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Whatever the age, separation and divorce can be a stressful and painful experience. According to the Australian Institute of Family Studies, the divorce rate has been trending down in the 2000s. However, the proportion of couples divorcing who had been married for 20 years and longer has been increasing, with one age group 55-59 doubling over the last two decades. This rising trend is referred to as “grey divorce” or “silver splitters”, used to describe couples in their 50s and 60s calling it quits on their marriages. With more finding themselves going it alone into retirement, we explore the importance of superannuation as part of a divorce settlement.

Divorce settlement

In family law, the principles that apply in determining a division of assets for the over 50s are the same as those for other age groups. Whilst each factual scenario will be different, the court adopts the same approach and considers the asset pool, the contributions the parties have made to that asset pool, the ‘future needs’ factors that are outlined in the Family Law Act and whether the division is just and equitable.

The division of the family home is usually the most valuable asset and the point of most contention. An asset that is commonly overlooked by women is their share in the superannuation pool.

Whilst we have more women in the workforce than ever before, I still find that a woman’s ability to divorce and remain financially independent is more challenging for those separating in their 50’s and beyond. Superannuation is an asset which will be considered as part of any financial settlement and married couples can divide their superannuation. However, de facto couples in Western Australia are the only couples in Australia who are unable to divide superannuation following the breakdown of their relationship.

Mind the gap

Recent figures from the Australian Bureau of Statistics (ABS), found the average superannuation balance for men aged 55 to 64 was $332,700, and women $245,100. This falls short of the ideal amount $545,000, suggested by the Association of Superannuation Funds of Australia (ASFA), to support a comfortable lifestyle for a single person at retirement. Furthermore, for older women, a lifetime of reduced financial security due to the gender pay gap, interrupted employment and relationship breakdown, sees them being the most vulnerable household type in Australia, according to government data, and most likely to deplete superannuation funds to meet lifestyle expenses.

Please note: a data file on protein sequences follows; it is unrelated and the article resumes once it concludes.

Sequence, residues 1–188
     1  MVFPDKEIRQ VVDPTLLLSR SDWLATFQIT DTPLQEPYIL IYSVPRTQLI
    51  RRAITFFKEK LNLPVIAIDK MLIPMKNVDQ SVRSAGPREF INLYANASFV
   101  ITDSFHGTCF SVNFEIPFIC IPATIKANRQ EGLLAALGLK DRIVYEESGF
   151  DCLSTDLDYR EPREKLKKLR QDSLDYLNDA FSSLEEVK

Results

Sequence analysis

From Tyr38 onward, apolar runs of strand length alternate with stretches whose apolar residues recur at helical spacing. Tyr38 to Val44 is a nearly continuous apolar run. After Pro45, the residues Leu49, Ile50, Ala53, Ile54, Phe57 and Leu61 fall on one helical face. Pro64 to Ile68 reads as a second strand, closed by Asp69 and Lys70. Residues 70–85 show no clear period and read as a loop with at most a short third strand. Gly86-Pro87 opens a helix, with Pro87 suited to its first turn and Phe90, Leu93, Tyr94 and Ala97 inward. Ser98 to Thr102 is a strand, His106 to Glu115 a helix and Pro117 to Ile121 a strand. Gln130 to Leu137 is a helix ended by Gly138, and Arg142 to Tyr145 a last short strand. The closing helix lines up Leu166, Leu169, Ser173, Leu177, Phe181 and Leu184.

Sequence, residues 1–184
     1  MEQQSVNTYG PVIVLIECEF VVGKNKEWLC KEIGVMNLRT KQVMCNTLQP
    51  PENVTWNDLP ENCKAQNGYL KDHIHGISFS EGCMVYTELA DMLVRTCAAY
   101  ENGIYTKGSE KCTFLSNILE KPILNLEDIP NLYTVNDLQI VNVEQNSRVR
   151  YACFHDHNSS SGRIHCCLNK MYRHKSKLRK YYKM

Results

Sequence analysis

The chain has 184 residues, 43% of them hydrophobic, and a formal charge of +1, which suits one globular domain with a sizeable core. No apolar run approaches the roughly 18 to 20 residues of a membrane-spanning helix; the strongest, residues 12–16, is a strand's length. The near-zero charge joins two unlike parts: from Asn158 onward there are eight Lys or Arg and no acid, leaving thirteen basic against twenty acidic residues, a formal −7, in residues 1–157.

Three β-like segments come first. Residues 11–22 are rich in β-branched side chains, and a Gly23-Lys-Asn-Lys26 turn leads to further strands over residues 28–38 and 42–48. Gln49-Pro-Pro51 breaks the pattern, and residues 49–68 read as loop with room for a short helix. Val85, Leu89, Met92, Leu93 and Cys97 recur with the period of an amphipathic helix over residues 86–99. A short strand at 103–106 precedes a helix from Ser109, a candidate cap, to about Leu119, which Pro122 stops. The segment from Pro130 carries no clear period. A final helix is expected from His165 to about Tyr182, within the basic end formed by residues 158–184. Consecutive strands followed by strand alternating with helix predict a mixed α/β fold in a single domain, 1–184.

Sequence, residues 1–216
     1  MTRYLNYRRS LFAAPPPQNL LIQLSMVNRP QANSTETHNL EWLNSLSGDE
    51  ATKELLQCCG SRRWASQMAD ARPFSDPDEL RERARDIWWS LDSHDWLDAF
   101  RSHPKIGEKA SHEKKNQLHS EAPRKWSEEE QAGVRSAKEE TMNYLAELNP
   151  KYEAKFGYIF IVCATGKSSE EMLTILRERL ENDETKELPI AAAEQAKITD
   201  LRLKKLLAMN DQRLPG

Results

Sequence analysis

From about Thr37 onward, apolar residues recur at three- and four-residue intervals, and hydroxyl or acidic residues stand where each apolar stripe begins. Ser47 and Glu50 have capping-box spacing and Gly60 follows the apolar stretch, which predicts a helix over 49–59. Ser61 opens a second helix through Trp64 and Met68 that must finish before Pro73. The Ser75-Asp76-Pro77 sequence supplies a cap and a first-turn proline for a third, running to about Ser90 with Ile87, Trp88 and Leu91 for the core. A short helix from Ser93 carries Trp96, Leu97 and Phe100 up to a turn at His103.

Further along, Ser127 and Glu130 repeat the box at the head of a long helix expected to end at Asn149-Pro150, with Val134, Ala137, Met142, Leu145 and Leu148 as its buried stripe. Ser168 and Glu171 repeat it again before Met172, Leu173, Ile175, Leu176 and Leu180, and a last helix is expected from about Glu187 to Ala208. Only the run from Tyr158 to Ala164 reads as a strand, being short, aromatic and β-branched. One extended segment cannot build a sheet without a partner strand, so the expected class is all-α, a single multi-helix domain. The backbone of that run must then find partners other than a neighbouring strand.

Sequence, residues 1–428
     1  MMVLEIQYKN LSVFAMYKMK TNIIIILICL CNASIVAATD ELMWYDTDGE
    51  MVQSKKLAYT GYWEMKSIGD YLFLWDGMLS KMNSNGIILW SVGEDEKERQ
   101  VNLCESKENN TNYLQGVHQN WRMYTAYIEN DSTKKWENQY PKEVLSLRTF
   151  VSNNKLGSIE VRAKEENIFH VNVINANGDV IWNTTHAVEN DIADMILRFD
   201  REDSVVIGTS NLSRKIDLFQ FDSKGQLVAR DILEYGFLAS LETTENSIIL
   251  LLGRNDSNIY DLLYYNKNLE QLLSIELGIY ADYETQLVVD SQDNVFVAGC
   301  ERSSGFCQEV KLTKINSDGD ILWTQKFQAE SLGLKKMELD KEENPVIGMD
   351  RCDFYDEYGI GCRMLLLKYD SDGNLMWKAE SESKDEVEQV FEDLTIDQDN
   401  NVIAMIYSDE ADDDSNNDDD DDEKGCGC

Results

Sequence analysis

Withdrawing from superannuation to fund big ticket items such as a new car or holidays, however tempting, may not be the ideal option. Latest performance figures from Chant West saw superannuation funds recording an average return of 23.1 percent over the last 12 months and 10 percent over three years. With interest rates at its lowest level, consider alternative methods of funding rather than your superfund. Working with a qualified financial planner like one from the SWU Group to build out a plan, will set you on a course of financial certainty.

Review your super

When determining a divorce settlement, consider the long-term impact of dividing assets, in particular the need for financial support through superannuation funds. Seeking the advice of a financial professional  such as one from the SWU Group will provide a clear view of your options and align it with your personal goals.

There are six areas to bear in mind when considering superannuation as part of a settlement. This includes the value of your superannuation compared to the ideal amount needed for retirement, the amount of insurance built in your super, the underlying investments and impact of Centrelink entitlements.

Shorter runway

The need for retirement savings becomes more critical when divorced later in life. Women have less time to bridge the gap in building up the ideal amount for a comfortable retirement. This generation also tends to have undertaken more ‘traditional’ roles in the relationship, where the women have spent much of their lives out of the workforce to have children and take care of the household.

Research suggests that it takes on average five years to recover financially from a divorce, so make this time count. Start with creating a financial budget that you can stick to, then redirect any surplus funds in investing in you, whether that is updating existing skills or toping up your superannuation balance. The Australian Government has incentives for mature age women 55-64 to re-enter and participate in the workforce.

Finding the courage

Going it alone may seem daunting at first, but recent research found that women aged 50-65 are happier and more confident than women in their 20’s, and that women who have control over their finances are more independent and have the courage to go it alone. So if you are an older woman facing life on your own for the first time in many years, don’t discount the value of a lifetime of lived experience. Draw courage that you are more than capable! And if in doubt, the insight and guidance of a financial planning professional can go a long way to giving you comfort and assistance in developing a financial approach to help you make the most of your resources and maximise your enjoyment of single life!